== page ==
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It allows you to solve conflicts and improve communication in any type of relationship. The man who developed this great system was called Marshall Rosenberg, and he reasoned that there were two viewpoints through which we perceive and interact with the world; the Jackal and the Giraffe. His reasoning was that, while Jackal was often bound to lead into conflict, Giraffe was inclined to resolve it, and to relay its messages in a way that creates harmony. So, how does this actually work? And how can it be applied to the communication between parents and children? Here are some answers.
The Jackal and the Giraffe
The difference between the Jackal and the Giraffe talk relies on the role of language and words. Namely, the Jackal speaks from reason, from the head, and doesn’t shy away from pointing out to people exactly what’s wrong with them. It tends to classify people into good or bad, right or wrong, and this type of communication often elicits defensive responses and resistance. The language of Jackal is at odds with our compassionate nature, which desires tranquility and understanding. On the other hand, the Giraffe speaks gently and from the heart, allowing our compassion to take over, even in the most aggravating situations. It says words consciously, making requests, unlike Jackal, which speaks automatically and only makes demands. So, in order to communicate non-violently, it’s essential that we learn how to speak Giraffe, especially when talking to young children, who still haven’t formed their personality.
How can parents use Giraffe talk?
When parents are fluent in Giraffe language, they can use it to improve their communication and their relationship with their little ones. For instance, if a child creates a mess in your living room, leaving their toys all around the floor, the sofa, and the coffee table, you may react habitually and use Jackal language to snap at your child, telling them they’ve made a mess again, and you want it cleaned up immediately. However, this can upset both you and your child, resulting in them either doing what you want, but with a grudge, or refusing to do what you told them to in frustration. On the other hand, if you tell them kindly that you feel angry because the entire room is a mess, and you really want it to be tidy, and that you’d feel much better if they put their toys in their toy box, you can avoid the conflict, and still get the message through.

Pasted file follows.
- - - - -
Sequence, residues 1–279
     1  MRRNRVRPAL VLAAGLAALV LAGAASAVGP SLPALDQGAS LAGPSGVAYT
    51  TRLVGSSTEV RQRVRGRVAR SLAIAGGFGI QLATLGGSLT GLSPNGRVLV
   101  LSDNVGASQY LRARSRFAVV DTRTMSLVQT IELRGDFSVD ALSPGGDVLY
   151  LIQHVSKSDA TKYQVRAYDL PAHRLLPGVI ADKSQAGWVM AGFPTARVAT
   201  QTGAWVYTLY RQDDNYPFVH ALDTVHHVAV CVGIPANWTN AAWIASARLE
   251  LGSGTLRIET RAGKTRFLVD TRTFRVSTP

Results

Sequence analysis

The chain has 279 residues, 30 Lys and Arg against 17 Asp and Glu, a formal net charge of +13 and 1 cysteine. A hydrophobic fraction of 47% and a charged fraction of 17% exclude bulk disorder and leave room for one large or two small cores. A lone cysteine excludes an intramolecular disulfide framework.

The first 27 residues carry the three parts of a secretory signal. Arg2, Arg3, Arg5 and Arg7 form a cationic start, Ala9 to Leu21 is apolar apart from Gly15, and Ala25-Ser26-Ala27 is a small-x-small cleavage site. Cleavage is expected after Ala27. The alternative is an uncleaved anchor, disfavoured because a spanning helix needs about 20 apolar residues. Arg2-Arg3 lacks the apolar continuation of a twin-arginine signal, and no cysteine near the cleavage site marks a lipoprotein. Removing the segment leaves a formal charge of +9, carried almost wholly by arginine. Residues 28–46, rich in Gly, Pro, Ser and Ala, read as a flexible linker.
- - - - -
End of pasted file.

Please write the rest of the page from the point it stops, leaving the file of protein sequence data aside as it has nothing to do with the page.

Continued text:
How can children benefit from Giraffe talk?
Children can benefit from Giraffe talk in many ways. For instance, it may encourage them to be more emphatic, more assertive, and compassionate. The patience and respect you show them are something they’ll be able to show in their encounters with other children and people. Children will mimic the way you communicate at home as a family. This can make it easier for them to meet and connect with other children their age if, for example, you enroll them in a creative playgroup. It can also help them with getting across any message once they start school, but also later in life, when they apply for different jobs, and are required to work in teams.
Clear requests rather than punishment
Jackal talk is designed to punish your wants and feelings, while Giraffe talk works towards getting a request through clearly. For instance, if your son is trying to break a toy your daughter likes to play with, yelling at him or simply ordering him to stop without an explanation may cause him to try and do it again afterwards, and retaliate for making them feel guilty and bad. However, if you use Giraffe talk, and ask him if he is upset his sister plays with the toy, instead of with him, and if you explain that the toy is precious to his sister, but that she loves her brother much more than the toy, it may calm him down, and solve the problem at its root.
How we talk to our children is just as important as what we say to them, so make sure you always approach your child with the understanding they deserve. Only then will they be able to treat others with that same understanding and respect.